cc2We went back to Neve Campbell around 14.30 and she was finally back. We gave our tickets in and waited. Now me and my wife love coming to these events but most of the guests are guests I want to see. There are a few guests we have met that we both like and Neve was one of them. Sidney Prescott was standing in front of us, I got a bit nervous, I picked my picture to sign and asked how her flight over was and if she had finished filming Season 4 of House of Cards (she has for any fans of the show out there). A couple of days previous I had noticed that a flight attendant had posted on Instagram a picture of Neve and her on a plane. I mentioned this to her and she smiled, awkward but I didn’t have anything prepared to say so went with it.

Two of the main film casts pushed this year was Back To The Future (celebrating its 30th Anniversary) and Aliens. Most of the cast of both films were there. I’ve actually made it a ‘thing’ for me to meet and collect the autographs of the Aliens cast as it is one of my favourite films. Bill Paxton and Sigourney Weaver were present at the convention but were out of my price range, so I opted to meet Carrie Henn who played Newt. Carrie has never acted in a film since and is currently a school teacher. She was extremely busy at the convention, but we managed to get an autograph and had a quick chat about nothing in particular.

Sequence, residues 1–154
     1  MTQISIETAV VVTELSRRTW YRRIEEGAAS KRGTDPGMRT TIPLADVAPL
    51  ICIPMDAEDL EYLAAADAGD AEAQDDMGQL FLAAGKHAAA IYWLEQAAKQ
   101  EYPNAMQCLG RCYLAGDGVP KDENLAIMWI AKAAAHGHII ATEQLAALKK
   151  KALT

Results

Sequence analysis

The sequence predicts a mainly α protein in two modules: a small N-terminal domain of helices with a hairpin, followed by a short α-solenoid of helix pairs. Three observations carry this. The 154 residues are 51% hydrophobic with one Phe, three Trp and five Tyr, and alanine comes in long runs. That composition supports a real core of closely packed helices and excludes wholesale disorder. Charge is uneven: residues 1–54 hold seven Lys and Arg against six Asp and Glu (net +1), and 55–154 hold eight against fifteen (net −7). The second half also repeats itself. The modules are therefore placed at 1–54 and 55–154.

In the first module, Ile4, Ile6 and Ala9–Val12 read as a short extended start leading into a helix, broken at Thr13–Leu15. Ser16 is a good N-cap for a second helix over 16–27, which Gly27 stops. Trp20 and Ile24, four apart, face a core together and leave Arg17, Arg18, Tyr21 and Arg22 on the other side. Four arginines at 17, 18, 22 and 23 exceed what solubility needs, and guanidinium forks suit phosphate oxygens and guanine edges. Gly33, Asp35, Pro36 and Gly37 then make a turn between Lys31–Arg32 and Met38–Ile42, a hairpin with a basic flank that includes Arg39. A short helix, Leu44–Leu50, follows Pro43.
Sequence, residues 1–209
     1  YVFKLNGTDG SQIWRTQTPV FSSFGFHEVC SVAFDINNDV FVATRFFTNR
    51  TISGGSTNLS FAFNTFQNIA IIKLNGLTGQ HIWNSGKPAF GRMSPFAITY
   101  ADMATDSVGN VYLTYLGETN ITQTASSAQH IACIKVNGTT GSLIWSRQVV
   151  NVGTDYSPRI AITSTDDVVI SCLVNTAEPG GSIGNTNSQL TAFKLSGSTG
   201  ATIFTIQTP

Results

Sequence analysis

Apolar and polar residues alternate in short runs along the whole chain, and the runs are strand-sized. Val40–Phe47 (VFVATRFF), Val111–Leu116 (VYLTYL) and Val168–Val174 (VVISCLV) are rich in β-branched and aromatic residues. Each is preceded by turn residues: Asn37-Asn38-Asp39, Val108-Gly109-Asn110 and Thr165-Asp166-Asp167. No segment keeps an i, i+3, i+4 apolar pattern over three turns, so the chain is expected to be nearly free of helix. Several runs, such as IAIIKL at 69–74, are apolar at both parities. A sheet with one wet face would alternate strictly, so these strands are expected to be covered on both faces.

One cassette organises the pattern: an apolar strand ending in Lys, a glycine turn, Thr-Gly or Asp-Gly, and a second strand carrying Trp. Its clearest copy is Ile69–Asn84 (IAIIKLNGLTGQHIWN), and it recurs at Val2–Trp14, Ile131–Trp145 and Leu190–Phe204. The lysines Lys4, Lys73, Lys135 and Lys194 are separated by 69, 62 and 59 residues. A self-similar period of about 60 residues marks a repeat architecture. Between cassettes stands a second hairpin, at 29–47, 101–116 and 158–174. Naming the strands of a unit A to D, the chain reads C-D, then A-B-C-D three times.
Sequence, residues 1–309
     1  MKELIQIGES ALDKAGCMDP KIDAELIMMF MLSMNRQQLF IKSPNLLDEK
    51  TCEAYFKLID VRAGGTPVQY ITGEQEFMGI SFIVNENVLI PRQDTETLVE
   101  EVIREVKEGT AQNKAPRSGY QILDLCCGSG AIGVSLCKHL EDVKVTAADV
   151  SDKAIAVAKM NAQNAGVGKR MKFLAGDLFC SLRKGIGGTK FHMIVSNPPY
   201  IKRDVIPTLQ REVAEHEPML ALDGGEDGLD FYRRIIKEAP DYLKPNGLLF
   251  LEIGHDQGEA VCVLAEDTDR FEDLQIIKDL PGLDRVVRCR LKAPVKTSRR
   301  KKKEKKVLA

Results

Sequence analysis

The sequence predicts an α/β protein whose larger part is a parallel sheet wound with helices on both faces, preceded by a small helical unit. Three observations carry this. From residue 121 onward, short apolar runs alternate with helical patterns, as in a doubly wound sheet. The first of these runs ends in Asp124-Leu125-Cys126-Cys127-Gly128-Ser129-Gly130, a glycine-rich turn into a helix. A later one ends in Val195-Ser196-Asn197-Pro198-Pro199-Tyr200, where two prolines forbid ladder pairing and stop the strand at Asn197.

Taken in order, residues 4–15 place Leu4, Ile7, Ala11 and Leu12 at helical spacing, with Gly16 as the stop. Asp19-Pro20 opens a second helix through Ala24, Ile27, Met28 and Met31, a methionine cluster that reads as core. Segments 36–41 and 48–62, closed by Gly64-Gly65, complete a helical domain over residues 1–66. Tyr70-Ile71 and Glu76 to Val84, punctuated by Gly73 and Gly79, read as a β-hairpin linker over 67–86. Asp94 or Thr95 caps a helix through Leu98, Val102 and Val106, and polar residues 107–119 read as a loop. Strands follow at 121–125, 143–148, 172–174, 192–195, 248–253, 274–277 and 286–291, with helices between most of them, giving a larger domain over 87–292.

cc3Next to Carrie was James Tolkan. Now you may not know the name but you will certainly remember his face. He played Principal Strikland in BTTF Trilogy, Stinger in Top Gun and Detective Lubic in the fantastically 80’s movie Masters Of The Universe. He was a great guest, allowed an over the table photo, and I said I loved him in MoTU. The guy is 82 years old and still doing conventions, what a legend.